From keeping apples in drawers to only writing in the early morning or late-night hours, many writers credit unusual habits for their literary success. But one writing tradition appears to span multiple centuries, literary styles, nationalities and even gender: the use of standing desks. Of course, earlier writers had to make do with much cruder versions than the well-designed and easy-to-use models available today.
Saul Bellow, Lewis Carroll, Winston Churchill, Charles Dickens, Benjamin Franklin, Ernest Hemingway, Thomas Jefferson, Soren Kierkegaard, Henry Wadsworth Longfellow, Vladimir Nabokov, Friedrich Nietzsche, Philip Roth, August Wilson, Thomas Wolfe, and Virginia Woolf are all among the distinguished writers and statesmen known for writing while standing, often at desks they personally designed.
Consider Nobel Prize in Literature winner and noted sportsman Ernest Hemingway. He often was observed typing while standing, balancing his typewriter on a set of books atop a book shelf in Cuba. “I like to write standing up,” he reportedly said.
British Prime Minister, journalist and novelist Winston Churchill wrote prolifically under the pen name “Winston S. Churchill.” He received the Nobel Prize in Literature in 1953 “for his mastery of historical and biographical description, as well as for brilliant oratory in defending exalted human values.” We wonder if he had been sitting if his writing would have been nearly as energetic and inspiring?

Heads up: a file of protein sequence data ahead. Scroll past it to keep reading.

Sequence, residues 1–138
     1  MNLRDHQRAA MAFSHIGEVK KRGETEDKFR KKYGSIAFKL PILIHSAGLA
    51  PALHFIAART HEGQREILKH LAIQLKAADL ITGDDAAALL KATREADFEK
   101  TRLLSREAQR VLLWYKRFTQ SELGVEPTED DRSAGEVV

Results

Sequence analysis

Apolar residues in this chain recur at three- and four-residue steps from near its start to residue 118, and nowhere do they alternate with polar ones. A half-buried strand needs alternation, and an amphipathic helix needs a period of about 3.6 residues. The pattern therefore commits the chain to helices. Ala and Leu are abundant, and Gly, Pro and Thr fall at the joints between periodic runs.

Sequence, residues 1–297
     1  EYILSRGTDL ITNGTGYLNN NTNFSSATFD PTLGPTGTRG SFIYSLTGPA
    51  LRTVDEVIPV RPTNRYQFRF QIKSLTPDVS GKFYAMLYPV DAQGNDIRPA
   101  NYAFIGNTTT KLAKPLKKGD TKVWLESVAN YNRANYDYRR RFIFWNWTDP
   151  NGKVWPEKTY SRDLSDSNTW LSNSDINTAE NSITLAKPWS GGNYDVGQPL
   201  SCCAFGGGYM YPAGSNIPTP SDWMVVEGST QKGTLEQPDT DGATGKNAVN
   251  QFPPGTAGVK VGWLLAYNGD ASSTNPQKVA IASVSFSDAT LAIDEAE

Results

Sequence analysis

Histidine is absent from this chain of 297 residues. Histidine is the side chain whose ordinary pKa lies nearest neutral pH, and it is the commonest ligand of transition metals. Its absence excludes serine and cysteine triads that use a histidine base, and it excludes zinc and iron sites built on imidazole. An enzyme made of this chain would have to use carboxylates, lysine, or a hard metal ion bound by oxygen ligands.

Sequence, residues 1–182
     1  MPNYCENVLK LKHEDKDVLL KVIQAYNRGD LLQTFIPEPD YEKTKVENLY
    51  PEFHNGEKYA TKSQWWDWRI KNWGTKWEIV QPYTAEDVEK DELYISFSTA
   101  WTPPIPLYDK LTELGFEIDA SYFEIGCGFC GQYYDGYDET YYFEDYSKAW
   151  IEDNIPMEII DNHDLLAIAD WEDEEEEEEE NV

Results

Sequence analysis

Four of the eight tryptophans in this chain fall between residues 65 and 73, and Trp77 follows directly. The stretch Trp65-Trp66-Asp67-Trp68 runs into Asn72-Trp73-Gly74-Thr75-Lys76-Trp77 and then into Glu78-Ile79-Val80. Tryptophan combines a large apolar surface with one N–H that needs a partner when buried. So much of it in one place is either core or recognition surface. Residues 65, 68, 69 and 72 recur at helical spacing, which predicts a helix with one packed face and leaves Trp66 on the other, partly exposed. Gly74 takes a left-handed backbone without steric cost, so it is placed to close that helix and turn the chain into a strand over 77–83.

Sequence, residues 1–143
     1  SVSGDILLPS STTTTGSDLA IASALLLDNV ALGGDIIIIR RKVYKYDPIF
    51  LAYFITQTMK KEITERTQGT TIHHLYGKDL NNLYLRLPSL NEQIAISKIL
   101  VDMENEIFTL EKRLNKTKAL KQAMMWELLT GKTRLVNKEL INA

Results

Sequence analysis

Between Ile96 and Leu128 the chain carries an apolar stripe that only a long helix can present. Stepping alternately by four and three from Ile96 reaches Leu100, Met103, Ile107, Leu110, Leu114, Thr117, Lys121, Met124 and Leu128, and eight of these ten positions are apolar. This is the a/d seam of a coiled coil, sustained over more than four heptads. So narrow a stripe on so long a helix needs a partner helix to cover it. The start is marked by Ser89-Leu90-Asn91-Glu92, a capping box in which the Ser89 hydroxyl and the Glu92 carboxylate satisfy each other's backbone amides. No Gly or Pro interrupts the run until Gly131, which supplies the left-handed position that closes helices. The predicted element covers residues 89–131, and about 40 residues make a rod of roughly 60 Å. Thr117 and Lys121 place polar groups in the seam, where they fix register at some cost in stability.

American writer Philip Roth (1933-2018) was profiled in The New Yorker by David Remnick, who observed, “Roth wakes early and, seven days a week, walks fifty yards or so to a two-room studio. The front room is outfitted with a fireplace, a desk, and a computer set up on a kind of lectern where he can write standing up, the better to preserve a bad back.” Too bad Roth didn’t have an easy-to-use electric sit-stand desk to make the transition from standing to sitting as simple as touching a button.
Virginia Woolf was another English writer well-known for standing while writing. Woolf’s nephew and biographer, Quentin Bell, wrote that she worked “at a desk standing about three feet (and) six inches high with a sloping top; it was so high that she had to stand to her work.” Sounds like a standing desk was the other requirement Woolf knew a woman needed to write quality fiction!
Jumping back more than a century, we find beloved children’s writer Lewis Carroll (1832-1898) “standing at the upright desk he always used while writing,” according to biographer Morton N. Cohen. And Charles Dickens, author of such classic novels as A Christmas Carol, Oliver Twist, and A Tale of Two Cities, also stood while writing. “Books all round, up to the ceiling and down to the ground; a standing desk at which he writes; and all manner of comfortable easy chairs,” is how one visitor described his workspace.
American writers may be interested in this advice from Thomas Jefferson, himself a famous standing writer: “Health is worth more than learning.” But, thanks to our line of LearnFit® mobile desks for the classroom, it’s no longer necessary to prioritize one over the other!